Admittedly, 2008 was the time the GFC hit the globe. Nonetheless, we have since seen a planetary shift in fundamental international relations, most notably in the Middle East, and we appear to be falling headlong into another Cold War.

More than anything else, this presidency will be marked by an unmatched keenness to maintain American hegemony while drawing down on the resources used to do so. It is the age of “managing” international relations by forcing other nations to do much of the heavy lifting. It is (and will be) seen in the South Pacific, in Eurasia, in South America, and it’s wake is the very vortex in the Middle East.

That is, and will be, Mr Obama’s legacy.

And with that legacy, is the president entitled to his opinion? Has the president won the overwhelming confidence of the American people to give that opinion? Does the president have the authority, with the runs on the board, to dote some grandfatherly gesture to his ‘progeny’ like so?

Fit?

As far as my eyes see, America (and the world) is not fit for a haircut. And much of that is because of what has occurred on the current president’s watch.

We are at a precarious time in human history, in absentia of leaders. All is not well.

References

Further Reading

The West leaves a Void in Syria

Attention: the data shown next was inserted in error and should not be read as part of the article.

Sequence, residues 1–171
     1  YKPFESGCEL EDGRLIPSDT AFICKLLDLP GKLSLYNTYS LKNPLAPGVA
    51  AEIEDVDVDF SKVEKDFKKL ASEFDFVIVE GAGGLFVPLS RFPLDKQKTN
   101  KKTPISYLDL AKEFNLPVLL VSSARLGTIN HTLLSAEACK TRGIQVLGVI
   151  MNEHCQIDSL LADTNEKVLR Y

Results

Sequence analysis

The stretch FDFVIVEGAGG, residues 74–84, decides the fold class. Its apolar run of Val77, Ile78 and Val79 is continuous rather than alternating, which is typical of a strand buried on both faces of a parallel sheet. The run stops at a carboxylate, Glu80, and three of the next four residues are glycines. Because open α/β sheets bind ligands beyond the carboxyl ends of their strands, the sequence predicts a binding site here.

President Obama’s backing down on the Syrian “red line” has weakened him and emboldened not only Assad, but their recently outspoken allies Russia, Iran, and China. Add to this the UK — indeed it has been openly ridiculed by the Russians — and we have, the appearance of an impotent West.

Enter, stage East: President Putin, Iran, and the Roman Catholic Church!

In the guise of Christianity, rushing to help fill this void left by the West is the Roman Catholic church, led by Cardinal (call no man father) Bergoglio. Watch for the Vatican to now go a-whoring with the East.

This situation has left Israel feeling increasingly vulnerable, and isolated. There has been the suggestion for some time, but it is now clear, that we have the pre-text for a third global conflict.

When will the cavalcade arrive? Tuesday, 15th April 2014, of course.

The cavalcade is coming to town. Blood moon and all.